The analysts urged the struggling company to ditch the Symbian OS – which has been dropped by the likes of Sony Ericsson and Samsung – as well as the unreleased released MeeGo. They said developing smartphones with Microsoft’s OS would give them a much better advantage.
The recommendations come as Nokia’s newly appointed CEO, Stephen Elop plans to talk about how he will turn around the struggling business next week.
“Get rid of your own proprietary high-end solution (MeeGo) – it’s the biggest joke in the tech industry right now and will put you even further behind Apple and Google,” Ahmad advised Elop.
“Focus your high-end portfolio around WP7, and over time you can take the cost down (that’s Steve [Ballmer’s] job and cost base) to get this into the mid-range market.
“Push your Symbian solutions into the low-to-mid-range smartphone market as quickly as possible to defend market share versus Android’s upcoming lowered cost ecosystem.”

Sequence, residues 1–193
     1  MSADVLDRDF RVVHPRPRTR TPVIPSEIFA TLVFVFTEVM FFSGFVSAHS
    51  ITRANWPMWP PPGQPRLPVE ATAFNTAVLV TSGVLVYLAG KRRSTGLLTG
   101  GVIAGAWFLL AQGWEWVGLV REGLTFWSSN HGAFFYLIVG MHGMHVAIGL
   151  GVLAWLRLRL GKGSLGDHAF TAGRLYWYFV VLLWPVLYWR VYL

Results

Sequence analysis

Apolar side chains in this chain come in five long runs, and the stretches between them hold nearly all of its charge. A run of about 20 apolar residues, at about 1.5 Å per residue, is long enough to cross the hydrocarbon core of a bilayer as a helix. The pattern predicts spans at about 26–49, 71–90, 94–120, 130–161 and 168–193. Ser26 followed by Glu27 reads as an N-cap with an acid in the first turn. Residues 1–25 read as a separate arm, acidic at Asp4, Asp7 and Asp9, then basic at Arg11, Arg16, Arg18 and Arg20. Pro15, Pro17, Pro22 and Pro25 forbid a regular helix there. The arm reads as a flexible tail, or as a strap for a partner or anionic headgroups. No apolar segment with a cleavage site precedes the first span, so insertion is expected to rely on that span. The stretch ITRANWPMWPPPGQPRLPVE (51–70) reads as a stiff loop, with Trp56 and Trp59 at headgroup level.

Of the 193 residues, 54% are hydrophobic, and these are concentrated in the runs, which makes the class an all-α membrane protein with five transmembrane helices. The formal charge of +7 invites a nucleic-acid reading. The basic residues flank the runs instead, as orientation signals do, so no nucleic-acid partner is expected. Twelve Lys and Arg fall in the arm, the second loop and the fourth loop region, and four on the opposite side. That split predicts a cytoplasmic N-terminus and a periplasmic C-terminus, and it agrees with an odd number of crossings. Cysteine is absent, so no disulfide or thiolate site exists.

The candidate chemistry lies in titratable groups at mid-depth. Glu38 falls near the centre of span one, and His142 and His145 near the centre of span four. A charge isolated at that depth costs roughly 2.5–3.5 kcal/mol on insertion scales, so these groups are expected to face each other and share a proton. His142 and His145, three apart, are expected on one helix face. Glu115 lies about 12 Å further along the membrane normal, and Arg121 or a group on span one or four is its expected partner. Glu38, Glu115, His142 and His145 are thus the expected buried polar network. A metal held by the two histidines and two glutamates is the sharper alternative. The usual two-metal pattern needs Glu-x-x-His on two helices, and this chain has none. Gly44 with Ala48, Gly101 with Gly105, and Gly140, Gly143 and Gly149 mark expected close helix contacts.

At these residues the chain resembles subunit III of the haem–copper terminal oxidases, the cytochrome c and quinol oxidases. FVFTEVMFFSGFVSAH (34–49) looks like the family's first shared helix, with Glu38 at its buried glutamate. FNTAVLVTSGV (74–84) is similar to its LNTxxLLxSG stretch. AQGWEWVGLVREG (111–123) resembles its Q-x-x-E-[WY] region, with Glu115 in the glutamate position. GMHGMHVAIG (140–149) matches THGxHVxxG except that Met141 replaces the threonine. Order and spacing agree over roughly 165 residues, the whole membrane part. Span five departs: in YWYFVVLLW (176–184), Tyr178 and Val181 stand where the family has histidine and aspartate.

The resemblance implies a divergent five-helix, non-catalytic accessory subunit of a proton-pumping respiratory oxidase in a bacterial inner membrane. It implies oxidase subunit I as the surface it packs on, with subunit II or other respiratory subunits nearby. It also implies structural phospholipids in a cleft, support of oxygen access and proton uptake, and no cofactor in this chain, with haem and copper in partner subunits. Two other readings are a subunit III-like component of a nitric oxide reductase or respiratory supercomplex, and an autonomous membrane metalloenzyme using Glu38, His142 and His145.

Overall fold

Ahmad claims Microsoft also needs the support of the world’s biggest smartphone maker. “Two million units [of Windows Phone 7] shipped in the last quarter is not really much to write home about, given $500m in marketing programmes (ouch), but with Nokia on-side, you get access to a potential 20-25 percent global share over time – and exclusivity.
The analyst’s advice was echoed by Wedge Partners analyst Brian Blair, who said the switch to Windows Phone 7 “would address the key concern we have had about Nokia for the last several years: terrible software”.
MeeGo, which is in joint development with Intel, has already had its fair share of trouble despite it not even being launched. Back in November we heard that developers were none too trusting of the OS. Reasons for this included that it was late to market, it showed no signs of a solid app framework and didn’t have enough to differentiate it from other popular choices. Intel and Co. continue to pin hopes on Meego – showing off with a spendthrift attitude at a conference in Dublin where they rented the entire Guinness brewery.